Paternal Subclinical Hypothyroidism Affects the Clinical Out
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Maternal subclinical hypothyroidism (SCH) is a risk factor for adverse pregnancy outcomes. However, it is still unclear whether SCH affects male fertility. The aim of this study was to determine the association between paternal SCH and clinical outcomes after in vitro fertilization/intracytoplasmic sperm injection (IVF/ICSI).

This retrospective study included 2511 couples with paternal euthyroidism (n=2282) or SCH (n=229) who visited the clinic for infertility treatment. The primary outcomes were the fertilization rate and clinical pregnancy rate; the secondary outcomes were the good-quality embryo rate, blastocyst formation rate, implantation rate, and early miscarriage rate. These outcomes were compared between the euthyroid and the SCH groups after adjusting for various potential confounders.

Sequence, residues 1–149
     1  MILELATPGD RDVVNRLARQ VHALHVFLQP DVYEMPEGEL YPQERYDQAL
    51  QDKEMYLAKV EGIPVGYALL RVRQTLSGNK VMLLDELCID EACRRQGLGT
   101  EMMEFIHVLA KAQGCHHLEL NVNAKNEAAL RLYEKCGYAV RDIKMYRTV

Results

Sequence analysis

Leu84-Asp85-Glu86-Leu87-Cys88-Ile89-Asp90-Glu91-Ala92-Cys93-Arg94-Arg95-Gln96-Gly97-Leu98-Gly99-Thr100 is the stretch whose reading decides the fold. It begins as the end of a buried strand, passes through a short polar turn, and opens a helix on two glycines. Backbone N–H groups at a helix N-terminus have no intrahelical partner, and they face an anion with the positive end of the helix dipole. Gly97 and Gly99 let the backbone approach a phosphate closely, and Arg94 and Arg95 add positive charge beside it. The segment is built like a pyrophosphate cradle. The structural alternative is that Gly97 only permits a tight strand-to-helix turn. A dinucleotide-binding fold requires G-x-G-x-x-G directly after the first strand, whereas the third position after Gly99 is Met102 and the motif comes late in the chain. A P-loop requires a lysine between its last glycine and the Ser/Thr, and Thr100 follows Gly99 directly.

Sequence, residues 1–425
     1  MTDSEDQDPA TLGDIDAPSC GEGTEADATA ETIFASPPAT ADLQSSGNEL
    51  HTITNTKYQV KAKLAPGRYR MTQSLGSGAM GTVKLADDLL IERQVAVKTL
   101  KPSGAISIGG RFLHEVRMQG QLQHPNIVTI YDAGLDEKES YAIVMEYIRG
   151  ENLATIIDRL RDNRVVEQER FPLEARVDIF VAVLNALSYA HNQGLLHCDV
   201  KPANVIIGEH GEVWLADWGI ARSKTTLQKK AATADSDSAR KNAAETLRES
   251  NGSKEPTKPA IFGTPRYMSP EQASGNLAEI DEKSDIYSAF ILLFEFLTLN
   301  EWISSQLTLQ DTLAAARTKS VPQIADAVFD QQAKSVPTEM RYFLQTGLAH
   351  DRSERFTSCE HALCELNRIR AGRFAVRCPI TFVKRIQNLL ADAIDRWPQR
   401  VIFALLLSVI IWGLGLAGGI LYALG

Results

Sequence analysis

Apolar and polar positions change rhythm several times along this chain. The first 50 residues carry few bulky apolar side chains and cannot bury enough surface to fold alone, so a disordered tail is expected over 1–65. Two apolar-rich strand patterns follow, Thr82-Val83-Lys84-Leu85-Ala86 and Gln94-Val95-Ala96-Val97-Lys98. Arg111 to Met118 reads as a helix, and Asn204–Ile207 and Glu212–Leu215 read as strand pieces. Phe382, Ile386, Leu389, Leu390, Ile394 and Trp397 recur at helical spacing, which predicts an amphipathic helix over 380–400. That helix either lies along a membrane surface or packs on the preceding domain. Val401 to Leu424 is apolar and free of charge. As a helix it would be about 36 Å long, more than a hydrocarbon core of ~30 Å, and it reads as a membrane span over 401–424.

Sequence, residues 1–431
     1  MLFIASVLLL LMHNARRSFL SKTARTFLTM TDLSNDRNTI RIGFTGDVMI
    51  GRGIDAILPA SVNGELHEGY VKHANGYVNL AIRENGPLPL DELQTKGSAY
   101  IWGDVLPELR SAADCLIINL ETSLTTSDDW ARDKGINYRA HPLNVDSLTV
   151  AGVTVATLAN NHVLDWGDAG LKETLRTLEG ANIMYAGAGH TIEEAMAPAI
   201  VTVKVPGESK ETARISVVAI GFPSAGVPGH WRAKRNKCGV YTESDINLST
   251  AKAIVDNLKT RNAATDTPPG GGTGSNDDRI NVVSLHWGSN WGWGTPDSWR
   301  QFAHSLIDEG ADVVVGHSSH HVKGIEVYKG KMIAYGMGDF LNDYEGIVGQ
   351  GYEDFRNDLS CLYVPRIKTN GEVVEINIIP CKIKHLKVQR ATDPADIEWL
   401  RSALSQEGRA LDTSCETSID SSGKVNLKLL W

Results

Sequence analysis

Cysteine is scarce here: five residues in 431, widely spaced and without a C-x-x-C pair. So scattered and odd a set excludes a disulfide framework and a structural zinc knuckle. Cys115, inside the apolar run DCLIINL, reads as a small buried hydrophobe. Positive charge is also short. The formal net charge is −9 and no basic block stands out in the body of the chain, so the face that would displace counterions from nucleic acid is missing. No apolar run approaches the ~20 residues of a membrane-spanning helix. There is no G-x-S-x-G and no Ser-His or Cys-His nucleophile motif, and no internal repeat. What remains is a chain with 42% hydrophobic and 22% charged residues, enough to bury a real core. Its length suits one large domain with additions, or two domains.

-- The mean paternal ages in the euthyroid and SCH groups were 34.5 and 36.0 years, respectively.
-- Semen parameters and sperm DNA fragmentation index were similar between the two groups.
-- The adjusted fertilization, good-quality embryo, blastocyst formation and early miscarriage rates were also similar between the two groups.
-- There was a significantly decreased adjusted clinical pregnancy rate and implantation rate in the paternal SCH group compared with the euthyroid group.
-- Stratified analysis indicated that these differences were only significant in men aged more than 35 years and not in men less than 35 years.

Conclusively, Paternal SCH was associated with worse clinical outcomes after IVF/ICSI, whereas this detrimental impact was only present in males greater than 35 years old. Prospective studies and basic research are warranted to confirm these results and to clarify the mechanisms underlying these associations, respectively.